Potential impacts of climate change on fire regimes in the tropics based on MAGICC and a GISS GCM-derived lightning model
Document Type: Journal Article
Author(s): Johann Georg Goldammer; Colin Price
Publication Year: 1998

Cataloging Information

  • Africa
  • agriculture
  • Andropogon virginicus
  • bibliographies
  • boreal forests
  • carbon dioxide
  • catastrophic fires
  • Central America
  • climate change
  • cover type conversion
  • deforestation
  • disturbance
  • droughts
  • ecosystem dynamics
  • ENSO - El Nino Southern Oscillation
  • evapotranspiration
  • evergreens
  • fire adaptations (plants)
  • fire frequency
  • fire intensity
  • fire management
  • fire regimes
  • fire size
  • fragmentation
  • fuel loading
  • grasses
  • Hakea sericea
  • human caused fires
  • Imperata
  • India
  • Indonesia
  • introduced species
  • invasive species
  • land management
  • land use
  • lightning
  • lightning caused fires
  • Melaleuca quinquenervia
  • Mexico
  • montane forests
  • Pennisetum
  • Pinus
  • plant communities
  • Poa
  • post-fire recovery
  • precipitation
  • savannas
  • South America
  • Southeast Asia
  • species diversity (plants)
  • storms
  • temperature
  • tropical forests
  • tropical regions
  • wildfires
  • International
Record Maintained By:
Record Last Modified: October 8, 2021
FRAMES Record Number: 36867
Tall Timbers Record Number: 11288
TTRS Location Status: In-file
TTRS Call Number: Fire File
TTRS Abstract Status: Fair use, Okay, Reproduced by permission

This bibliographic record was either created or modified by the Tall Timbers Research Station and Land Conservancy and is provided without charge to promote research and education in Fire Ecology. The E.V. Komarek Fire Ecology Database is the intellectual property of the Tall Timbers Research Station and Land Conservancy.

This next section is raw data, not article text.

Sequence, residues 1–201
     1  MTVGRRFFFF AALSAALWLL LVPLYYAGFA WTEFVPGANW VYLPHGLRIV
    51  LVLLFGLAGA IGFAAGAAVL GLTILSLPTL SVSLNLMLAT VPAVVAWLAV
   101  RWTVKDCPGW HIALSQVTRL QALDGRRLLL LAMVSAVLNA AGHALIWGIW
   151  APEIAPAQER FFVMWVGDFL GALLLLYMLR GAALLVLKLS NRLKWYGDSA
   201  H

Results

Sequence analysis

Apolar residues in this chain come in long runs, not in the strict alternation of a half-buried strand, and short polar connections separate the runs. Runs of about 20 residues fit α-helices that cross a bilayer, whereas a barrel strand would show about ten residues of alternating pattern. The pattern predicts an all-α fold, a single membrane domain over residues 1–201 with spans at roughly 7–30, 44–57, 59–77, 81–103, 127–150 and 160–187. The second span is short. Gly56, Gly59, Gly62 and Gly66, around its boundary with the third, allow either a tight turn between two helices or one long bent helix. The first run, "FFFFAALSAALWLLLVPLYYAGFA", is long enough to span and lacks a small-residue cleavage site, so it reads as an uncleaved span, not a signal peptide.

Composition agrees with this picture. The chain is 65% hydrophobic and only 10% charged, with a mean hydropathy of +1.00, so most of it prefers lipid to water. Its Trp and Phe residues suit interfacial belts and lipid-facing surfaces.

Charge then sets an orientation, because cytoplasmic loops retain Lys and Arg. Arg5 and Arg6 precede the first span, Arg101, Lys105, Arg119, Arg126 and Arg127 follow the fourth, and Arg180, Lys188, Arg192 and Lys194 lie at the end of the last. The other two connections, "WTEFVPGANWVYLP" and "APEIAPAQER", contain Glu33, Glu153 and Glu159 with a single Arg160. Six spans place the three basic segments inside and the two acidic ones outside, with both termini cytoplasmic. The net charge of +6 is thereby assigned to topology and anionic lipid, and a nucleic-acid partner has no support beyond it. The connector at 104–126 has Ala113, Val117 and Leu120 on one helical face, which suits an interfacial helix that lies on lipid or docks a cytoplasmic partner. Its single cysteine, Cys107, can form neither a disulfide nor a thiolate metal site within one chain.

Investigations of the ecological, atmospheric chemical, and climatic impacts of contemporary fires in tropical vegetation have received increasing attention during the last 10 years. Little is known, however, about the impacts of climate changes on tropical vegetation and wildland fires. This paper summarizes the main known interactions of fire, vegetation, and atmosphere. Examples of predictive models on the impacts of climate change on the boreal and temperate zones are given in order to highlight the possible impacts on the tropical forest and savanna biomes and to demonstrate parameters that need to be involved in this process. Response of tropical vegetation fire is characterized by degradation towards xerophytic and pyrophytic plant communities dominated by grasses and fire-tolerant tree and bush invaders. The potential impacts of climate change on tropical fire regimes are investigated using a GISS GCM-based lightning and fire model and the Model for the Assessment of Greenhouse Gas-Induced Climate Change (MAGICC).

Online Link(s):
Goldammer, J. G., and C. Price. 1998. Potential impacts of climate change on fire regimes in the tropics based on MAGICC and a GISS GCM-derived lightning model. Climatic Change, v. 39, p. 273-296.